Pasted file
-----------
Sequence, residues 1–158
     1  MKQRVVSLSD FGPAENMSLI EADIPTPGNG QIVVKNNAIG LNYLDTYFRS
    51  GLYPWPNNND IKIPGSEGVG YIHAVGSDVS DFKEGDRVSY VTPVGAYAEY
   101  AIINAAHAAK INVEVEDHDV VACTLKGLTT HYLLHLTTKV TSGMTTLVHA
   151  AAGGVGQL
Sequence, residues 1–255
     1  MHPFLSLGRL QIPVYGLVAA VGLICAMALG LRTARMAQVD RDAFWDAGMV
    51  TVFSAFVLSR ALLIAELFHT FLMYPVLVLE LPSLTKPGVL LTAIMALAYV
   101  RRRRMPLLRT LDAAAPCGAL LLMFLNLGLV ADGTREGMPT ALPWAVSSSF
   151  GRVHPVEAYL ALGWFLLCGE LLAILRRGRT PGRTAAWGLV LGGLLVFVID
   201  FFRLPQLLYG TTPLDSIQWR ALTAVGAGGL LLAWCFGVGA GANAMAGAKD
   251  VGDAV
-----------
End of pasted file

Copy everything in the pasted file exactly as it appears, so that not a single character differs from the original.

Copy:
Sequence, residues 1–158
     1  MKQRVVSLSD FGPAENMSLI EADIPTPGNG QIVVKNNAIG LNYLDTYFRS
    51  GLYPWPNNND IKIPGSEGVG YIHAVGSDVS DFKEGDRVSY VTPVGAYAEY
   101  AIINAAHAAK INVEVEDHDV VACTLKGLTT HYLLHLTTKV TSGMTTLVHA
   151  AAGGVGQL
Sequence, residues 1–255
     1  MHPFLSLGRL QIPVYGLVAA VGLICAMALG LRTARMAQVD RDAFWDAGMV
    51  TVFSAFVLSR ALLIAELFHT FLMYPVLVLE LPSLTKPGVL LTAIMALAYV
   101  RRRRMPLLRT LDAAAPCGAL LLMFLNLGLV ADGTREGMPT ALPWAVSSSF
   151  GRVHPVEAYL ALGWFLLCGE LLAILRRGRT PGRTAAWGLV LGGLLVFVID
   201  FFRLPQLLYG TTPLDSIQWR ALTAVGAGGL LLAWCFGVGA GANAMAGAKD
   251  VGDAV